Sunday, August 21, 2011
In researching all the things I could do to that frame to make it better or fix it I visited quite a few different do-it-yourself blogs. I started thinking that maybe I should this blog in a DIY direction. Then I realized I would never have enough stuff to write about. I would get my house the way that I wanted and stop. No more glazing, no more spray painting, no more re-upholstering, just done. And I wouldn't change it for five years.
I also had an epiphany while I was squatting and spray painting some shelves aqua, 'what a privilege that it is that I can do this. What a privilege that all I have to worry about right now is what color to paint something.' I thought of all the mud brick houses that I had been in Tanzania that had newspapers hanging on the walls as decoration. No paint, no sconces, no framed pictures, just papers. I thought of the houses in Nairobi that had stuff spilling into halls because there were really no closets. I thought of all the women I had met that had to work and didn't have the luxury that I have now to sit in Emma's room and feel satisfied that all the walls have cute pictures on them, and that the sheets match the ribbon that holds up the letters (that spell out her name) that I made. Women who don't have the five dollars that it takes to buy a can of spray paint.
Then I felt silly.
Then I felt guilty.
Silly because how ridiculous am I in spending all this time on decorating my home?
Guilty because I should be helping people, rather than spray painting wicker shelving.
Tonight I sat in Emma's room for a few minutes after she had toddled to get her father to play baby with her. Everything in that room matches. For the most part. It's the only room in the house that is done at this moment. Because of our time in Kenya we are quite behind in all the purchasing of furniture. The living room is couchless and has boxes piled up in one corner. Our bed is currently two twin beds pushed together, which makes a king size bed. We don't have king size bedding so my mother-in-law, knowing that we would end up this way, pushed a set of king size sheets into my hands as we left. I am completely thankful for her foresight. Of course they don't match anything I own. Our queen size comforter is stretched over the top of the beds, leaving gaps on the sides. Our bed is never made, because, 'what's the point?' Shoved into the corner of the room are two boxes that currently have nowhere to go and our printer, still in it's box. (Our stuff doesn't really fit in this apartment.) I sit in Emma's room because it honestly relaxes me to have it all done. All the colors flowing together, everything in it's place, done.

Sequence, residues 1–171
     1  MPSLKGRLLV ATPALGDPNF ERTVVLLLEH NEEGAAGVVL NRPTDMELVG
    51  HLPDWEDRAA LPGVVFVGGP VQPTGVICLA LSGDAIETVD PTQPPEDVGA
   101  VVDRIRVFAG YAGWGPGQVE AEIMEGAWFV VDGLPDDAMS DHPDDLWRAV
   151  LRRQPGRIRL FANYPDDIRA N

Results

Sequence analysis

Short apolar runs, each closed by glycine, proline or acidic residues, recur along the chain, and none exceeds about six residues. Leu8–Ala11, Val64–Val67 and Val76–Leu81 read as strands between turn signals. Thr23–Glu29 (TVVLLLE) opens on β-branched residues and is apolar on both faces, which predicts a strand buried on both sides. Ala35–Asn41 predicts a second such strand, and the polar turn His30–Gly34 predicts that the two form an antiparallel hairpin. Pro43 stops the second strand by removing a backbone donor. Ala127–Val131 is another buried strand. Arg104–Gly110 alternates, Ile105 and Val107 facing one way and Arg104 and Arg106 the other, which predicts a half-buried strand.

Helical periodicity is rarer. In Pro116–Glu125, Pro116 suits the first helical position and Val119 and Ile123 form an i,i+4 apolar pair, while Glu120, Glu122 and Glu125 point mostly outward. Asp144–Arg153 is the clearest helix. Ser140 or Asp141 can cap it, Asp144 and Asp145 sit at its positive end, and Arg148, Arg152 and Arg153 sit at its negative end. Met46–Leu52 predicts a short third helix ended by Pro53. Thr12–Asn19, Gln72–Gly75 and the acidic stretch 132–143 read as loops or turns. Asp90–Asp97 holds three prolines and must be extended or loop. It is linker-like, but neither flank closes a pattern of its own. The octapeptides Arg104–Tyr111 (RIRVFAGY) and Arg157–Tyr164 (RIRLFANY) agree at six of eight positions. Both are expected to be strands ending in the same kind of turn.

This is why I feel so split. In one breath I know how silly it is to obssess over all this and spend money on it, any money at all. In the next breath I am an artist and beauty is important to me.
Then I saw this photojournalist display on children's rooms. That's why I posted pictures of Emma's room, obviously my pictures aren't as well done as his. My not quite two year old daughter has a room to her own. We are, by income level, middle class and her room looks palatial compared to the rooms of some of these kids. I just never know what to do with this sort of knowledge. I know that there are millions of children livig in abject poverty. I also know that we are not poor, I am thrilled that I can provide a nice room for my daughter. We will go on to purchase a three or four bedroom home later in our life and it will be gigantic and luxurious compared to the homes of most other people in the world. What am I to do? We tithe, we lived overseas, but what are my actions now?